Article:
In November, NASA named Firefly as one of nine U.S. companies competing for funding under a program to develop technology to explore the moon’s surface. (VOA)

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SpaceX Plans To Send NASA Astronauts To Space in Q2 This Year

As part of the test on Sunday, SpaceX configured Crew Dragon to trigger a launch escape about 1.5 minutes after liftoff

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NASA
It took a lot of work between NASA and SpaceX to get to this point. Pixabay

After NASA and SpaceX successfully completed a launch escape demonstration of the company’s Crew Dragon spacecraft and Falcon 9 rocket, Elon Musk said that his aerospace company aims to send NASA astronauts to space between April and June this year.

This was the final major flight test of the spacecraft before it begins carrying astronauts to the International Space Station (ISS) under NASA’s Commercial Crew Programme, the US space agency said in a statement on Sunday.

With this test now complete, the next big flight of the Crew Dragon will have people on board: NASA astronauts Bob Behnken and Doug Hurley.

“We’re highly confident that the hardware will be ready in Q1, most likely at the end of February but no later than March. And we think it appears probable that the first crewed launch would occur in the second quarter,” said Musk after the successful uncrewed test of its Crew Dragon capsule’s in-flight launch escape capabilities.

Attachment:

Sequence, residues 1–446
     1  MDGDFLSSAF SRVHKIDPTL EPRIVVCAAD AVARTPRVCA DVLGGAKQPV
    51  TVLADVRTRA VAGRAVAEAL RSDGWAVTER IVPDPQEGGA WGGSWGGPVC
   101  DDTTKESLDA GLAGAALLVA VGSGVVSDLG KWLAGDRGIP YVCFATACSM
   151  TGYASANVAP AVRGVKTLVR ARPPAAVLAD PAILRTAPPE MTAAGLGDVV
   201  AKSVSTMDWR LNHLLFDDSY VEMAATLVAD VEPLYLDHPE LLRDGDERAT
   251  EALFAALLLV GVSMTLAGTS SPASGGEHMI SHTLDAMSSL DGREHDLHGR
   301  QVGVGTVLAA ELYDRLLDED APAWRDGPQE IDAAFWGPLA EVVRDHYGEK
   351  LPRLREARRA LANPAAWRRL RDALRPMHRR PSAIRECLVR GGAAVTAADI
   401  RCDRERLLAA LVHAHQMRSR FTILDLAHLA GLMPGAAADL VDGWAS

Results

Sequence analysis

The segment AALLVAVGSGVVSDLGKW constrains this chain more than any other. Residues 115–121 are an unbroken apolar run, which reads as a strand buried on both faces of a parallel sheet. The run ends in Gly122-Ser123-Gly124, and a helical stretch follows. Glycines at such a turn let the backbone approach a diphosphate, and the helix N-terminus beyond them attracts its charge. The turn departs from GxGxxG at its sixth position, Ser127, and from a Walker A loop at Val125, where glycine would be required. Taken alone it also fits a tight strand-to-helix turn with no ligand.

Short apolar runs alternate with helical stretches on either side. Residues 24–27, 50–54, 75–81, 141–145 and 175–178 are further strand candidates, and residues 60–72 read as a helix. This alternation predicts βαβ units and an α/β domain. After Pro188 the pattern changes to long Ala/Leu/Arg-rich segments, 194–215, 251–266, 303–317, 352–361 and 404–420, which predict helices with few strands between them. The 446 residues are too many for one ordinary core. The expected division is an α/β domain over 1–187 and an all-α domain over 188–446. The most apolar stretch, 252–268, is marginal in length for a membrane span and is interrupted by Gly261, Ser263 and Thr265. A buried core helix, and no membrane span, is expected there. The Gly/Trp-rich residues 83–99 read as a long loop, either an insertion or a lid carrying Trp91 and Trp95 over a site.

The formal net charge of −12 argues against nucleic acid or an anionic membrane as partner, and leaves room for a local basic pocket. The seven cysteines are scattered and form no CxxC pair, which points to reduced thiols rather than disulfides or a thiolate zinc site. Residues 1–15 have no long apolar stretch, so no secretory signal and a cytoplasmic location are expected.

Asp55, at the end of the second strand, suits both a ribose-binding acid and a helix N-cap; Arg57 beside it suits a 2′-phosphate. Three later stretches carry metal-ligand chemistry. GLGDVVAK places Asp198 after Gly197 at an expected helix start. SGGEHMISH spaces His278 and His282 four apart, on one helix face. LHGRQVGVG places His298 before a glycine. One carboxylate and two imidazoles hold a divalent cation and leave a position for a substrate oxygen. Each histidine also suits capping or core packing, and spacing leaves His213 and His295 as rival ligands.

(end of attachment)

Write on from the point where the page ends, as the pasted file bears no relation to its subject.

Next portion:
Musk said that if all goes well, the first crewed flight on the Crew Dragon could take place in the second quarter of this year.

“This critical flight test puts us on the cusp of returning the capability to launch astronauts in American spacecraft on American rockets from American soil,” said NASA Administrator Jim Bridenstine. “We are thrilled with the progress NASA’s Commercial Crew Programme is making and look forward to the next milestone for Crew Dragon.”

As part of the test on Sunday, SpaceX configured Crew Dragon to trigger a launch escape about 1.5 minutes after liftoff. All major functions were executed, including separation, engine firings, parachute deployment and landing. Crew Dragon splashed down at 10:38 am just off the Florida coast in the Atlantic Ocean.

“As far as we can tell thus far, it’s a picture perfect mission. It went as well as one can possibly expect,” said Musk. “This is a reflection of the dedication and hard work of the SpaceX and NASA teams to achieve this goal. Obviously, I’m super fired up. This is great.”

NASA
After NASA and SpaceX successfully completed a launch escape demonstration of the company’s Crew Dragon spacecraft and Falcon 9 rocket, Elon Musk said that his aerospace company aims to send NASA astronauts to space between April and June this year. Wikimedia Commons

Prior to the flight test, teams completed launch day procedures for the first crewed flight test, from suit-up to launch pad operations. The joint teams now will begin the full data reviews that need to be completed prior to NASA astronauts flying the system during SpaceX’s Demo-2 mission. “The past few days have been an incredible experience for us,” said astronaut Doug Hurley.

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“Today, we watched the demonstration of a system that we hope to never use, but can save lives if we ever do. It took a lot of work between NASA and SpaceX to get to this point, and we can’t wait to take a ride to the space station soon,” he said in the NASA statement. (IANS)